Food photography is a very specific genre. For one thing, you as the hungry photographer are mostly looking forward to the end of the shoot! But first you have to deliver quality work. And you can always see quality in food photography: if it makes you hungry or thirsty just looking at it, then it’s quality work.
A food photographer’s main duty is to sell a certain dish to a customer. Simply put, to make them order that food in the restaurant, or—if it’s for a cookbook—to prepare it themselves. That’s why food photography should look tasty, juicy, and above all fresh. In short, delectable.
Hail to the Chef!
Just like fashion photography demands teammates, in gastronomy you team up with the chef. They’re your stylist and make-up artist. (Food stylists do exist, however.) They know what foods they’ll be presenting, what angle will make them look best, and what you should focus on. Be prepared for the fact that you won’t be the only artist in the room!
Note: Be prepared for the chef or stylist to be dissatisfied with the photos. Even if your work is good. The chef may see something wrong in the food itself. The duck may be burnt, the sauce may have the wrong color, or perhaps the fish has ruptured skin. So be prepared to have to photograph some dishes twice.
Playing Dress-up with Food
How the food looks on the plate is also fully a matter for the chef or the stylist. Your role is just to take the best possible picture of their creation. Try to avoid adding props like towels, glasses of wine or cola, flowers, etc. Focus on the food and just the food.
If you want props, go for interesting dishware instead (at the moment retro dishware is in fashion). The food should look interesting in itself, so don’t divert attention with unneeded props. These can ruin the whole photograph. Only use them when the photograph of the food itself could look boring, even from multiple angles. By the way, when that happens, it’s not your mistake, or even the chef’s. Some dishes are just like that—monotonous or uninteresting—and these dishes do need appropriate props.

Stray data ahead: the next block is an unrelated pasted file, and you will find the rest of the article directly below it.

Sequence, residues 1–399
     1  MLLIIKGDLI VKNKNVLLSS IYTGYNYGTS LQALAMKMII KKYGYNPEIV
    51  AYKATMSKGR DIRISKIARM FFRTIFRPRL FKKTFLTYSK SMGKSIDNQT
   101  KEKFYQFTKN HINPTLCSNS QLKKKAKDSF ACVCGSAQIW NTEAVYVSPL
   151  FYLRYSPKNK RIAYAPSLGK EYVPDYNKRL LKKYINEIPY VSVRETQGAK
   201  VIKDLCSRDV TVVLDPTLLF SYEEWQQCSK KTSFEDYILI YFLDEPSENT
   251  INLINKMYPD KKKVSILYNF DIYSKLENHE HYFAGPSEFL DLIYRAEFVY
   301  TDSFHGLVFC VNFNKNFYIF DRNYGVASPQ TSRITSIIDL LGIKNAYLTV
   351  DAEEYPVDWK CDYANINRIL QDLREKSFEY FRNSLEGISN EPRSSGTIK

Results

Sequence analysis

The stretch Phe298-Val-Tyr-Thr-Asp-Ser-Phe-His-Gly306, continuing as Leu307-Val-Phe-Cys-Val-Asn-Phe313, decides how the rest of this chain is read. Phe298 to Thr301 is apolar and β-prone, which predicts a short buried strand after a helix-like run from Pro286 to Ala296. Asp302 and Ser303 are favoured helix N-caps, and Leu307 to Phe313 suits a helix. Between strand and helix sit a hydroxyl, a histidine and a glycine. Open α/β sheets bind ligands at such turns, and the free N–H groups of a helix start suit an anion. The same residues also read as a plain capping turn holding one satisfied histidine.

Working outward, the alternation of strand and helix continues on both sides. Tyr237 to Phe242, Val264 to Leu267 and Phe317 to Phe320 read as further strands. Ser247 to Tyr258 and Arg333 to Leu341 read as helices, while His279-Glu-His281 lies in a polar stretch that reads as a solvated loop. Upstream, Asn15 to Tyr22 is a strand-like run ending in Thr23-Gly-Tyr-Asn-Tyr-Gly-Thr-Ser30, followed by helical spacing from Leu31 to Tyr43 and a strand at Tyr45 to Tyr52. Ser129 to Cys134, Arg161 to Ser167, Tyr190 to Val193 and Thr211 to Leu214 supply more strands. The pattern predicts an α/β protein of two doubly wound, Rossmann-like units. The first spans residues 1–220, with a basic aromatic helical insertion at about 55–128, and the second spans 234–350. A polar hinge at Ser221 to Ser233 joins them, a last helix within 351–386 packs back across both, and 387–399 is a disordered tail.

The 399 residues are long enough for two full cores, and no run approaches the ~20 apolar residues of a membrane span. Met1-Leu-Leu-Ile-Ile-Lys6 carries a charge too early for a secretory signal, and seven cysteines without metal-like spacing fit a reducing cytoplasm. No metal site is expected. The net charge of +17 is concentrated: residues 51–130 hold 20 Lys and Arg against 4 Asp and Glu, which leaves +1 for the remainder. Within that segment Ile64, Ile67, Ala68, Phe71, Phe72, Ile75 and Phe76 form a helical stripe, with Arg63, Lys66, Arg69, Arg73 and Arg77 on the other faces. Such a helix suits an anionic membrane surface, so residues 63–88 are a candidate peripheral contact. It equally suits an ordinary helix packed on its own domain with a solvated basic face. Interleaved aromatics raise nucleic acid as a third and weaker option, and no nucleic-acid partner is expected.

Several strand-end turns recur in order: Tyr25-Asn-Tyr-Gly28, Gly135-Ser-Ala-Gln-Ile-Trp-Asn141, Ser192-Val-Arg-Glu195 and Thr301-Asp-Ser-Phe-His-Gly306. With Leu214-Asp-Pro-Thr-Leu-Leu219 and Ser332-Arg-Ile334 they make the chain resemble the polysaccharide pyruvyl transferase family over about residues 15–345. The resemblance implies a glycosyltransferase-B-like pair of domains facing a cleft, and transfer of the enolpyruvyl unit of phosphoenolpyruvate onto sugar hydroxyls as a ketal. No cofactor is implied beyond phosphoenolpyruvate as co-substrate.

Flawless composition is definitely an integral part of any well-executed food photo. Nearly any time when you’re presented with the task of photographing food on a plate, you’ll want to present it from the side. If the food arrives in a dish, you’ll want to photograph it from above. Always choose the composition that makes the food look the most interesting.
When photographing food from above, it can good to use a stepladder. It’s more elegant than stepping on tables or chairs, and also, you can adjust the height.
Details, Details, Details
Even though for a menu you’ll often be taking wide shots, close-ups of food look the best. So it won’t hurt to take a few. And in any case these photos too can come in handy later on.
Close-ups emphasize and capture juiciness, freshness, and “aroma.” They make a customer hungry for the food, and that means a good food close-up is perfect, because it fulfills its goal. Wide shots can end up looking boring. When they do, go for close-ups instead. Ninety percent of the time, they’ll deliver the picture you’ve been looking for.
Lights and Equipment
As far as equipment is concerned, bring the same gear as you would for portrait photography. Lean towards long lenses that don’t deform objects’ shapes. And also towards soft, diffused light. It brings out all the details in the food, leaving nothing in shadow.
So bring diffusers if you’ll have artificial light, and consider reflectors when using natural light. The reflectors should offer both white (or silver) reflective surfaces and gold surfaces. (Any good 5-in-1 will offer this.) Gold adds a warm tint, making the food look tastier.
If you’ve heard anything about photographing food in the past, then maybe you know that photographers spray e.g. hairspray on their “models” to make the food look juicier. But believe me when I say that well-prepared food doesn’t need to be degraded with things like hairspray.
Food for Sale
Food photographs are actually tasty product photographs. And the purpose of a product photograph is to sell. If reading this article has whetted your appetite, then you’ve been looking at good photographs.
Of course the best comes after the shoot. If you haven’t been photographing artificial food, then you too will have a taste experience. Chefs are artists in their own right, and are very glad to share their art.
The photographs here were taken in cooperation with the French restaurant Le Marché in Brno, Czech Republic.